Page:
Worker’s compensation claim denied due to pre-existing condition and they never had a problem like this before.  The old pre-existing condition, and its cousin the catch-all degenerative disease, are the go to reasons insurance adjusters use to deny injured workers’ claims.  Once in awhile these defenses have some merit, but mostly they are used unfairly by independent medical examiners, IME doctors, to deny legitimate claims.

A pre-existing condition can still be a compensable worker’s compensation injury if a work accident makes it worse, or if job duties over time contributed to the pre-existing condition.


Where there is a work accident but a pre-existing condition, the question is did the accident at work cause the current disability by precipitation, aggravation and acceleration of a pre-existing progressively deteriorating or degenerative condition beyond normal progression?


Sometimes, a worker will have prior back symptoms and treatment before a work accident.  Yes there is a pre-existing condition, but if an MRI or EMG shows a herniated disc or nerve impingement after an accident at work, then the pre-existing condition was made worse and there is a worker’s compensation claim.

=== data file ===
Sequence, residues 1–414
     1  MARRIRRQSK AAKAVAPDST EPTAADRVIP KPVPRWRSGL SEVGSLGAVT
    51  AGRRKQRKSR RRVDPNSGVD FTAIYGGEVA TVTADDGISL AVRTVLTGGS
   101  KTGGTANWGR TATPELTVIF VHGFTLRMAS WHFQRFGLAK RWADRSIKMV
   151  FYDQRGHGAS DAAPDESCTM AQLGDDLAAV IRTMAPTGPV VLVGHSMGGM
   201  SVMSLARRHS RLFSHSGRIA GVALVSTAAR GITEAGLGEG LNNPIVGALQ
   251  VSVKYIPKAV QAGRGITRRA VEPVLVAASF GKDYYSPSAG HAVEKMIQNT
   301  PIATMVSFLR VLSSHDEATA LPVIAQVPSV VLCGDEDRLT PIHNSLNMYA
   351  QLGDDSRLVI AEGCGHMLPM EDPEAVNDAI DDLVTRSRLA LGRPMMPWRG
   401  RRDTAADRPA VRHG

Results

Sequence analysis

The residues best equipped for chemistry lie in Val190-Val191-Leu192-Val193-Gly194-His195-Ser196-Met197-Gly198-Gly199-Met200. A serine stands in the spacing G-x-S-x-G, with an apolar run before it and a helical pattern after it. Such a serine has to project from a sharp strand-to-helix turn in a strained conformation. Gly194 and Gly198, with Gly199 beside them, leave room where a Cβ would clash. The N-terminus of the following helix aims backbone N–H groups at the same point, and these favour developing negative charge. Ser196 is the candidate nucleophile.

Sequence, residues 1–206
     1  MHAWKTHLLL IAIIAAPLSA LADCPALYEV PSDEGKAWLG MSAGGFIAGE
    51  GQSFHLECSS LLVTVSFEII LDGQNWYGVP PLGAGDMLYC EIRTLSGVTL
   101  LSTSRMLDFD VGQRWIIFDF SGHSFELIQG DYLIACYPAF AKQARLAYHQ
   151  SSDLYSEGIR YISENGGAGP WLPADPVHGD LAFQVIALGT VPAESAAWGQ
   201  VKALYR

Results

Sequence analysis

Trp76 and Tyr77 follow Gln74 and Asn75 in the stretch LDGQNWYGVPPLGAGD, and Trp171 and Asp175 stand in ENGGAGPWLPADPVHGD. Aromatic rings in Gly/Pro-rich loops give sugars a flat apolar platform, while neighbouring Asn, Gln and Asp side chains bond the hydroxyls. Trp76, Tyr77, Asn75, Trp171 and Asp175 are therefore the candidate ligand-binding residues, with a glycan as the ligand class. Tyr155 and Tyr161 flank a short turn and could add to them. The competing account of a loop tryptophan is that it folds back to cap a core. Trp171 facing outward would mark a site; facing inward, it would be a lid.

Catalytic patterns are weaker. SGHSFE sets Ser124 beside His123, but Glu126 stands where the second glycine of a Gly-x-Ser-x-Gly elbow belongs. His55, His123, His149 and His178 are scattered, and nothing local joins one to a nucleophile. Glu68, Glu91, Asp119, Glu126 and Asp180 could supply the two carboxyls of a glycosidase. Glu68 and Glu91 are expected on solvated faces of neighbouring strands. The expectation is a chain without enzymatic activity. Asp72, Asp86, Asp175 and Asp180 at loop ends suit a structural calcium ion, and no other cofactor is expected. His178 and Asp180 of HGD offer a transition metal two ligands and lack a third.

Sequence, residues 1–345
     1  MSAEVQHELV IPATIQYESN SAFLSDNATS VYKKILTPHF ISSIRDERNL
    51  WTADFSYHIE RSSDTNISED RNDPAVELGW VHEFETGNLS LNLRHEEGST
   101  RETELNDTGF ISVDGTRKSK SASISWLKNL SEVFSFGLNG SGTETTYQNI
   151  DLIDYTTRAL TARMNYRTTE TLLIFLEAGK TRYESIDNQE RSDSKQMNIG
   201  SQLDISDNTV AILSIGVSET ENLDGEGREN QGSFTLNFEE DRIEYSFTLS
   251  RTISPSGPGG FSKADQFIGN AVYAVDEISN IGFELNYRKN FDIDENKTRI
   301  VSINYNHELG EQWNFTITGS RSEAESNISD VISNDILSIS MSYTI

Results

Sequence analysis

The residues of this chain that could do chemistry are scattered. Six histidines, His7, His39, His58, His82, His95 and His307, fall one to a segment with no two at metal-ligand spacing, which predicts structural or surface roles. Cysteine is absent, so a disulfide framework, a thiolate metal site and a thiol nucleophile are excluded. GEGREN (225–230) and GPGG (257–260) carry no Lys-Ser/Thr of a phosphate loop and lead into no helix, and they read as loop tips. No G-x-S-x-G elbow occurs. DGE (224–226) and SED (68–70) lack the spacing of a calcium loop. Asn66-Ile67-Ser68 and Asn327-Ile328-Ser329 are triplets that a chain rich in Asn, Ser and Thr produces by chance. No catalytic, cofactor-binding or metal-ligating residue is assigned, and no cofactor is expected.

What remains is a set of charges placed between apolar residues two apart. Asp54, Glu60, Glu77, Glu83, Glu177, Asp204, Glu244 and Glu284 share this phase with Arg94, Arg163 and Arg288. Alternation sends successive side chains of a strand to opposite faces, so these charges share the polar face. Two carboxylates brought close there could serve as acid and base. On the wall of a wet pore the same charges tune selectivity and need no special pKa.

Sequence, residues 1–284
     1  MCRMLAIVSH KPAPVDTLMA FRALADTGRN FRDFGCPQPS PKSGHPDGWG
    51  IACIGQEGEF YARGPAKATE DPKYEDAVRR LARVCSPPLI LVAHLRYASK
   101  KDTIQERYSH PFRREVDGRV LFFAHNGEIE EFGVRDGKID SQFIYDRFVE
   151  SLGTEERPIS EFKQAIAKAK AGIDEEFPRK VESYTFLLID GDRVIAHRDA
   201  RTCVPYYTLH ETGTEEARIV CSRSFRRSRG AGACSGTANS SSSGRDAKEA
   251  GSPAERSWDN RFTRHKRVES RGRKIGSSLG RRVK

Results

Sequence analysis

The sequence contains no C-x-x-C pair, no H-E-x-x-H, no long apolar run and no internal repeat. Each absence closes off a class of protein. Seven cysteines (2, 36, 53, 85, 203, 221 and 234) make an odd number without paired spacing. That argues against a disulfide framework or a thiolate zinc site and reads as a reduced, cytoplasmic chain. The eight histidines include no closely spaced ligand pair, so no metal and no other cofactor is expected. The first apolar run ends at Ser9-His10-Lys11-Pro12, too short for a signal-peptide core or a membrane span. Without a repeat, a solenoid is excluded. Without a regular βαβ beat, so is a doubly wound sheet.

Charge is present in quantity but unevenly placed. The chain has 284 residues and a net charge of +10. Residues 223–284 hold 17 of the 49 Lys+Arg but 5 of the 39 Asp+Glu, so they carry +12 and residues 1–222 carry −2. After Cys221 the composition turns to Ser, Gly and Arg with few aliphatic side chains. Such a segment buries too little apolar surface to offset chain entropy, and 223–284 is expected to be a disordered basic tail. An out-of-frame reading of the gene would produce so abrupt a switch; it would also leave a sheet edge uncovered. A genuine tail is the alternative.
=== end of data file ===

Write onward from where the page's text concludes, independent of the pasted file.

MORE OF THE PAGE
A degenerative disease is not really a diagnosis at all.  Degenerative changes and their symptoms are the normal effects of aging and we all have it to one degree or another.  To deny a claim based on degenerative changes is fairly meaningless. 


The question is whether the degenerative disease was caused by an appreciable period of work place exposure, was that exposure either the sole cause of the condition, or at least a material contributory causative factor in the condition’s onset or progression?


In plain language, did the worker’s job duties over time contribute to the degenerative disease or condition.  For example, take an iron worker on the job for 30 years, now his low back is so bad he cannot work, may need surgery.  His MRI shows bulging discs at multiple lumbar levels, osteophyte formation, ligamentum flavum hypertrophy and neural foraminal stenosis – all classic degenerative disease of the low back.  No specific work accident.  Does he have a worker’s compensation claim?  At [nap_names id=”FIRM-NAME-1″] we think he does and we will prove it.